My Recent Shopping Trip

The Computer Corner
By Charles Miller

Every couple of years I go shopping for a new laptop PC, and that usually tends to come around in November when so many stores have their “Black Friday” sales. This year was time for me to go shopping again, so I thought I would share with readers some of my experiences and observations. I am going to focus here on some of the things that were different from my last buying experience.

The first thing to understand about my shopping trip is that I was looking for a low-end consumer PC laptop. I set my sites on models available for less than US$500 and was pleased to find a reasonably good selection from which to choose.

The most conspicuous change from two years ago is Microsoft Windows version 8. Anyone like me who is looking for Windows 7 is not going to find it available at the big chain stores, however, I did find a selection at MicroCenter. Windows 8 is scheduled to be superseded with a new version in 2015, and that is going to tempt some buyers to wait and see what that is like. Along with Windows 8 comes the need for a touch-screen. There are now many budget-priced laptops with touch-screens, as well as models with screens that fold 180 degrees to be used as a tablet.

Almost all laptops today feature keyboard layouts with a numeric keypad, and that is the last thing I want. I never use those number keys, and having them there makes the keyboard off-center. If your laptop sits on a table this might not be a problem for you, but I spend a lot of time using my laptop (gasp) in my lap, so an important ergonomic consideration is how it fits in my lap.

Optical drives (CD-ROMs and DVD drives) as well as RJ45 Ethernet ports are in the processes of doing a disappearing act. A sizable percentage of the slimmed-down laptop designs omit these, so if you need either you might need to head over to the accessories aisle to get an external CD/DVD writer that can be connected to a USB port or an Ethernet-to-USB dongle. Many users find there is not as much need today for an optical drive because most software is now distributed by download rather than on disks. Lamentably, all of the laptop manufacturers have discontinued providing consumers with a recovery CD that could be used to recover the computer in the event of a major problem. Laptops now rely exclusively on a “recovery partition” on the hard disk to recover from a major problem such as a hard disk failure. This means this recovery partition is subject to the same failure and is sure to leave a lot of buyers with no way to fix their laptop if it breaks down.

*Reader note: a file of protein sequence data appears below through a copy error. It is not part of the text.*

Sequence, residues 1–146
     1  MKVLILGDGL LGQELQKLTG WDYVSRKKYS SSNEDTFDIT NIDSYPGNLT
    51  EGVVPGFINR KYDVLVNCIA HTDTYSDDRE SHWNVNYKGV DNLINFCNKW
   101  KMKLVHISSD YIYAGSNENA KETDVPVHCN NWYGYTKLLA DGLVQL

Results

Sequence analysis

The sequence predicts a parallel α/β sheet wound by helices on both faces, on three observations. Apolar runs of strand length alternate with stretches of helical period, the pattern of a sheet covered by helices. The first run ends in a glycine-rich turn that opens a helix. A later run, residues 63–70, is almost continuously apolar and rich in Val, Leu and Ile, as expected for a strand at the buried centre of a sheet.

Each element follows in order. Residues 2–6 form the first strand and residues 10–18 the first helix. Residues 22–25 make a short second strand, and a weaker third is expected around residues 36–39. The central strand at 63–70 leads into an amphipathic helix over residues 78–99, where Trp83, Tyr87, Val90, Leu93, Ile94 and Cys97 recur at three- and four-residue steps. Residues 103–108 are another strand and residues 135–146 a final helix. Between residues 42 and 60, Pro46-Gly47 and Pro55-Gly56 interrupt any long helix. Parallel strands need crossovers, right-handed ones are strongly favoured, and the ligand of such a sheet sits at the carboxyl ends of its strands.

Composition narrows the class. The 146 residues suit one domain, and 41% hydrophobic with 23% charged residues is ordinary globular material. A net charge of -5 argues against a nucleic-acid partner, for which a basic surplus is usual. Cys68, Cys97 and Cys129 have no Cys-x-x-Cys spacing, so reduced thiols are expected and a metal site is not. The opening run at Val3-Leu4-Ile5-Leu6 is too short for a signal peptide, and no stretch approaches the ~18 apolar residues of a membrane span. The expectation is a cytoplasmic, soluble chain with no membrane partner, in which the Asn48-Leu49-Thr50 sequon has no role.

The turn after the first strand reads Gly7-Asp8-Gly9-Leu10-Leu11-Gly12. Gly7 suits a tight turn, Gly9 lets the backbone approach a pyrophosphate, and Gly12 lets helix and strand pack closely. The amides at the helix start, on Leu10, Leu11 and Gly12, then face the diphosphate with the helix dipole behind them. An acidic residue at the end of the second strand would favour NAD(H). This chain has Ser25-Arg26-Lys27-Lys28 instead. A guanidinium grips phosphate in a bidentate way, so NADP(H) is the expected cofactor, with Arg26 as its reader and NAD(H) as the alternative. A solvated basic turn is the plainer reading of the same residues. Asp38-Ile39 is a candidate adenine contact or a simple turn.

A conspicuous difference (to me) is the smooth one-piece bottom of today’s laptops. Gone is the little access door that made it easy to change out the hard disk or memory chips. This is because on some of today’s laptops there is no way to replace or upgrade RAM, so who needs the door? The same goes for the battery, which in some models is no longer a replaceable item. Since most laptop batteries are candidates for replacement after a couple of years, that tells you how long the manufacturer intended for that laptop to last. Lastly, the big chain stores really push buyers to add on pricy antivirus and anti-malware programs that are really unnecessary. Microsoft Windows now includes a highly rated antivirus program that is free, and that is what I use.

Charles Miller is a freelance computer consultant, a frequent visitor to San Miguel since 1981 and now practically a full-time resident. He may be contacted at 044 415 101 8528 or email FAQ8 (at)

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